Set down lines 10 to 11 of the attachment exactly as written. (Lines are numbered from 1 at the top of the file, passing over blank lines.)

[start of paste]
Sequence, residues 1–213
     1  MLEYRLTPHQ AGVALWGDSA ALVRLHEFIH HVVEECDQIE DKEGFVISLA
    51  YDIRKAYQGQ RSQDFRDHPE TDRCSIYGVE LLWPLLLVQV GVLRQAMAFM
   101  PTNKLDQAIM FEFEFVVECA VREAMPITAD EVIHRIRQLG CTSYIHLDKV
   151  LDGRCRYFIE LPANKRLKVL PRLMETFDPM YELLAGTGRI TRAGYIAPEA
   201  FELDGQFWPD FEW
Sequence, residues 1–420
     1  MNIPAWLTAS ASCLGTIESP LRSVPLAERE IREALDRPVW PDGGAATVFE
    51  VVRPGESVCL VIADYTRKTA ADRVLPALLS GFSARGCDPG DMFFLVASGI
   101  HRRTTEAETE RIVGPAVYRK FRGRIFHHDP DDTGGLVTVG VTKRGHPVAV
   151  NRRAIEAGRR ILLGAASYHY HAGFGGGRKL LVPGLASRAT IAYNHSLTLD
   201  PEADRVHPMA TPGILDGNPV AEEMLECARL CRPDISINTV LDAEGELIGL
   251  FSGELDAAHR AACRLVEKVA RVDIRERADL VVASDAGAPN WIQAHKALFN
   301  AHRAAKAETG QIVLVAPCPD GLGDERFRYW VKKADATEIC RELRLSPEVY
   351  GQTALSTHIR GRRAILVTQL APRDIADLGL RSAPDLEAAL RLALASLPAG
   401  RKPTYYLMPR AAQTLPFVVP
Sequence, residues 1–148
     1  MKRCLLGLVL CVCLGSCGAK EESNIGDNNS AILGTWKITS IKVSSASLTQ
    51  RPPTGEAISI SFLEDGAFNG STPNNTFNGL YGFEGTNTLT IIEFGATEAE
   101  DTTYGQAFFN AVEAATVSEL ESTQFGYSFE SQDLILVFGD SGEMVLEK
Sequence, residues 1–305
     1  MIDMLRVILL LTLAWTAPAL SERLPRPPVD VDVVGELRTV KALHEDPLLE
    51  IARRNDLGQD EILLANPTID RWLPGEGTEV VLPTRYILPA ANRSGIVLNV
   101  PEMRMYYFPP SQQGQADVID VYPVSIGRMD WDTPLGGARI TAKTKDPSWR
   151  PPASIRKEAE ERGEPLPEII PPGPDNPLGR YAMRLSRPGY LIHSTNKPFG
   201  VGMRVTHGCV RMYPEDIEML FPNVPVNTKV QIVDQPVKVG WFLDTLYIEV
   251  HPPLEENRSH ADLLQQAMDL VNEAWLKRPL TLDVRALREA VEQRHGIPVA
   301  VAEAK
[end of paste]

   101  HRRTTEAETE RIVGPAVYRK FRGRIFHHDP DDTGGLVTVG VTKRGHPVAV
   151  NRRAIEAGRR ILLGAASYHY HAGFGGGRKL LVPGLASRAT IAYNHSLTLD